Calling an object's constructor?

This is a discussion on Calling an object's constructor? within the C++ Programming forums, part of the General Programming Boards category; Why not? Maybe you want a vector of mp_images or a map? But there's so many more containers in the ...

  1. #31
    C++まいる!Cをこわせ! Elysia's Avatar
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    Why not?
    Maybe you want a vector of mp_images or a map?
    But there's so many more containers in the standard, too, of which all would be broken by auto_ptr.
    Quote Originally Posted by Adak View Post
    io.h certainly IS included in some modern compilers. It is no longer part of the standard for C, but it is nevertheless, included in the very latest Pelles C versions.
    Quote Originally Posted by Salem View Post
    You mean it's included as a crutch to help ancient programmers limp along without them having to relearn too much.

    Outside of your DOS world, your header file is meaningless.
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  2. #32
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    >> What do you think of that idea?
    Still dangerous. Trying to roll your own solution is still going to leave you with problems.

    What about shared_array?

  3. #33
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    Quote Originally Posted by Daved View Post
    >> What do you think of that idea?
    Still dangerous. Trying to roll your own solution is still going to leave you with problems.

    What about shared_array?
    What I relized about shared_array is that it will always remove the pixel data after all mp_images using the data have been removed. My class has been given a constructor to create an image from already existing pixel data (such as from a SDL_Surface), meaning that not all mp_images do really own the pixel data, but they still have r/w access to it. Which means that some mp_images do not have permission to remove the pixel data when destroyed (for which I have a flag to tell), but would do it anyway if I use shared_array. I have thought of implementing a simple counter instead of a shared_array, though, and let the mp_image destructor decide when to delete the data or not.
    Last edited by TriKri; 08-17-2008 at 04:23 AM.
    Come on, you can do it! b( ~_')

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    >> meaning that not all mp_images do really own the pixel data
    If the mp_image doesn't own the data, then don't have it use new or delete at all and let whatever owns it take care of the memory management. All you have to do is make sure all the instances of your class don't try to use the image once you destroy it. Otherwise that makes it really easy, just store a pointer to the data.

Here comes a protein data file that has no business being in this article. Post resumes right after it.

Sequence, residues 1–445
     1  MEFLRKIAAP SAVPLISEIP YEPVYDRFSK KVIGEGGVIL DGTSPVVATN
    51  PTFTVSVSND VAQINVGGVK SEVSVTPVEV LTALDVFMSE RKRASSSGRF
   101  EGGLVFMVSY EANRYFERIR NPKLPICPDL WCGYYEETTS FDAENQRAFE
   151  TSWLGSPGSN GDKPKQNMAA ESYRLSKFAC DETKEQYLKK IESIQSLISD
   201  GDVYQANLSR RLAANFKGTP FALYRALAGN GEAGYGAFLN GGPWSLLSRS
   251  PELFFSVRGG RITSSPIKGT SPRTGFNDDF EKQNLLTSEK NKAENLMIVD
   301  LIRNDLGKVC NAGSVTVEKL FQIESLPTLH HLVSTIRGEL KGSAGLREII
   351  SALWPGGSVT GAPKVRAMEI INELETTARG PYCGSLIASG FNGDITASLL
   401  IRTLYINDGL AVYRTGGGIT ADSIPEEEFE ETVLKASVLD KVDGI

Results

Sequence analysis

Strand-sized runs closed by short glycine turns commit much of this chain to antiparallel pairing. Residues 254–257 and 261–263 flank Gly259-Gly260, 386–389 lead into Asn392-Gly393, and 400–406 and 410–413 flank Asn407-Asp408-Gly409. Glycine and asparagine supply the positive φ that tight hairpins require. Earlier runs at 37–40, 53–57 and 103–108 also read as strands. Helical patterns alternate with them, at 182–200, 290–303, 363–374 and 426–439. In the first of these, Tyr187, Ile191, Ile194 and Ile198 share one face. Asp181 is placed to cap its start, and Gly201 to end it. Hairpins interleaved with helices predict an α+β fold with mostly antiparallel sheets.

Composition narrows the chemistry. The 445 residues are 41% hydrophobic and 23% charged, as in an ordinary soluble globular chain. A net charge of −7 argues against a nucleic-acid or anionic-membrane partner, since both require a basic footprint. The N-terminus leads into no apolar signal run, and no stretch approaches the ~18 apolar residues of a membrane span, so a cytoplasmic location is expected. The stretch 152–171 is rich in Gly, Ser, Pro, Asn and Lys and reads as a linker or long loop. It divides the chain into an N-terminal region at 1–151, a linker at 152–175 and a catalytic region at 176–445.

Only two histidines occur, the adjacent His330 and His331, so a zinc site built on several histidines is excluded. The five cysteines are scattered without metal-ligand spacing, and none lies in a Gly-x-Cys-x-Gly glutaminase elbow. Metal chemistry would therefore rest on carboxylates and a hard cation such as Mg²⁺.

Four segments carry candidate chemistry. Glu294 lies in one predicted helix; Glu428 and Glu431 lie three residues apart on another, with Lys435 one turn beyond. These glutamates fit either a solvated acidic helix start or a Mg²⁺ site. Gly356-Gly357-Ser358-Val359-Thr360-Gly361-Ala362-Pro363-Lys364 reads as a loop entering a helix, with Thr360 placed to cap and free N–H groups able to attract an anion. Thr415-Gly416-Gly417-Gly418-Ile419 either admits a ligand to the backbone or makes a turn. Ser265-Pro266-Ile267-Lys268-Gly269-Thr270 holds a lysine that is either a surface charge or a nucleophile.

5. #35
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    It has other constructors as well, which allocates memory for new pixel data. In that case the object does become responsible for removal of the data.

    Just a question, what feels the most natural to you; assignment which copies the pointer and not the data (this would be the same as using memset on the two objects), or assignment which copies the data so you actually have two different but identical images?
    Come on, you can do it! b( ~_')

  6. #36
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    The first, with shared pointers (std::tr1::shared_ptr or boost::shared_ptr).
    But beware if you try to modify the pixel data later in the class, since it's shared.
    Quote Originally Posted by Adak View Post
    io.h certainly IS included in some modern compilers. It is no longer part of the standard for C, but it is nevertheless, included in the very latest Pelles C versions.
    Quote Originally Posted by Salem View Post
    You mean it's included as a crutch to help ancient programmers limp along without them having to relearn too much.

    Outside of your DOS world, your header file is meaningless.
    For information on how to enable C++11 on your compiler, look here.
    よく聞くがいい!私は天才だからね! ^_^

  7. #37
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    >> what feels the most natural to you
    They are equal, it depends on your situation.

    Are there any scenarios in which both copies will be active at the same time? If not, then copying the data is not a good solution.

    If there are those scenarios, then the question is if one object modifies the data should that change be reflected in the other object's data, or should the other object's data be unaffected. If the other object should be unaffected, then you need to copy the data. If the other object should be updated, then you need to share the data.

    If you can answer those questions, then you'll be closer to what you need. If the answers are different in different situations, then you might want to re-think your design and make it all work the same or come up with different objects for different scenarios.

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